Simon Dale says he built his mortgage and rent-free hobbit home in four months with help from his father-in-law, passersby, and friends. His small collection of tools — a hammer, a 1-inch chisel, a chainsaw, and £3,000 were all he needed.
A hobbit house could qualify as a temporary place to live because it is cheap, or you might decide it’s the home you want to live in forever.
Besides a trial run a few years earlier and playing around with ideas in between, Simon had no special skills other than his strength of body and mind.
After the men dug into the hillside, chosen for low visual impact and protection from the elements, they had soil and stones to build retaining walls foundations. The oak thinnings (spare wood) he used for the frame came from the woodland on their doorstep.
The reciprocal roof — each wood beam relies on its neighbor — was easy to make and, as you can see above, rather pleasing to the eye. The less wood is chopped, the lower its impact on the environment, so Simon used round wood timber for the frame, which he believes is aesthetically pleasing.
Straw bale and cob houses usually have walls made from straw bales, but this house also has underfloor and roof straw bale insulation. The ecological equivalent (natural thermal mass) of underfloor heating and loft insulation at a fraction of the cost.
Over the insulation resting on the roof, Simon used a plastic sheet for ease and to protect the inside from rain trickling through the mud/turf of the green/living roof. Instead, rainwater drains off the roof and into the pond.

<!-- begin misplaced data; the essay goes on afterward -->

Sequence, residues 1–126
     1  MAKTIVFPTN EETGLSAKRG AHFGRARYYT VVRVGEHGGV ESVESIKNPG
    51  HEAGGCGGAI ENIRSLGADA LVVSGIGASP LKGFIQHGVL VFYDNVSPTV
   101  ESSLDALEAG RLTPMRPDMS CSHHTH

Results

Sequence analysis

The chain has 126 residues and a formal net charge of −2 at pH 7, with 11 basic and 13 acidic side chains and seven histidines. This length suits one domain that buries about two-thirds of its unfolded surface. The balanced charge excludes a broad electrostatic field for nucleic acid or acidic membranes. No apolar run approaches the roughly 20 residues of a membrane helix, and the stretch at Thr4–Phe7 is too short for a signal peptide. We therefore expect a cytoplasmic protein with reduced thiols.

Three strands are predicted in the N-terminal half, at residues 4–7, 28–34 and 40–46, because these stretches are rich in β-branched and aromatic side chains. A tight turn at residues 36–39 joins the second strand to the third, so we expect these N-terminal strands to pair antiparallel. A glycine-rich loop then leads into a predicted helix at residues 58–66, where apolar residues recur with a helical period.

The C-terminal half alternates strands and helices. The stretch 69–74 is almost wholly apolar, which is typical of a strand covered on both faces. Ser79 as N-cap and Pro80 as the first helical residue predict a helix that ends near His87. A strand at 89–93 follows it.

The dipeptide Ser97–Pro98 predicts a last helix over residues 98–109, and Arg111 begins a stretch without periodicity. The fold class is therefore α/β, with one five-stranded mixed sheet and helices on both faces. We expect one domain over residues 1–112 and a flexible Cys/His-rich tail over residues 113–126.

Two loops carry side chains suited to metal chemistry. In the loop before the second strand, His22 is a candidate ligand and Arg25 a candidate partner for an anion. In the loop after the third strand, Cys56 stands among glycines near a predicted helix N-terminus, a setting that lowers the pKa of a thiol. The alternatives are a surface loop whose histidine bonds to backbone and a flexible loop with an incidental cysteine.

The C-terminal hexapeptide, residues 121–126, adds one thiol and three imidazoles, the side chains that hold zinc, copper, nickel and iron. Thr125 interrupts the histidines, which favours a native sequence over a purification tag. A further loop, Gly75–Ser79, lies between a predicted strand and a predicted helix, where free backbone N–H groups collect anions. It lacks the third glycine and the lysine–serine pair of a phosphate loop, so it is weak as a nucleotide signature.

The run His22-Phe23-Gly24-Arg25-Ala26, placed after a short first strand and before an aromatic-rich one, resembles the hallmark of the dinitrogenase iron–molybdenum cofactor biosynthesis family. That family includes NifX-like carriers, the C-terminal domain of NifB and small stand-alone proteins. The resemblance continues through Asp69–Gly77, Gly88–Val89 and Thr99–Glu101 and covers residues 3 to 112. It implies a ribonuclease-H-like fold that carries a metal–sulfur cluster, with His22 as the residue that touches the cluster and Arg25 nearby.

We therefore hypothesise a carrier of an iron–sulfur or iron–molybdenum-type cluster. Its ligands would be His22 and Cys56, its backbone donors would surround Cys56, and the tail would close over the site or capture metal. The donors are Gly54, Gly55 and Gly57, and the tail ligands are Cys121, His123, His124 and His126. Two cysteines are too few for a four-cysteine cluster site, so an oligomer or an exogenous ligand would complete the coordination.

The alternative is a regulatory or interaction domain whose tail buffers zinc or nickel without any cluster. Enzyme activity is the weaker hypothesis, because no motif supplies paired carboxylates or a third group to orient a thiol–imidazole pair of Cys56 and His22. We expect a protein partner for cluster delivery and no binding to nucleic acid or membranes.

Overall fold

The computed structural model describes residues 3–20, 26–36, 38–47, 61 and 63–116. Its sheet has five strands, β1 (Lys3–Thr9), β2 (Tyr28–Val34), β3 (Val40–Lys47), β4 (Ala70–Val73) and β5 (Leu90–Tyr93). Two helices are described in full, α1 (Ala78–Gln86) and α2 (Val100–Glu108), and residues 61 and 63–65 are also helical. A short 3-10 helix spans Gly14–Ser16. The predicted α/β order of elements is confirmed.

Lime plaster, a naturally breathable material, makes beautiful smooth walls. Inside and out. Simon built a flue through big stones and plaster. Again creating thermal mass to slowly release heat from the stones and plaster when the temperature in the house drops. This heat would keep the family warm through the night after the log burner had burnt through its fuel.
Interestingly, the family bought little. A local and abundant supply of wood to feed the log burner; free. Someone gave Simon the wood burner. Other items like windows, plumbing, and wiring he found in various rubbish piles.
The kitchen has a fridge cooled by air coming through the foundations. My educated guess is that it uses far less electricity because it remains cool most of the time. A fridge would usually leap into action in a hot kitchen and use more electricity to remain cool. When your electricity comes from solar panels, you have to watch how much you use.
The family has water from a nearby stream, but the one thing we all need — a toilet — turns their waste into compost rather than using water to flush it away.
You now have three bargain self-renovate or self-build house options. Which would you choose, Airstream, earthbag, or hobbit?
You could also tell me why, if you like, in the comments. Feel free to share this article if you think your friends and family should read it.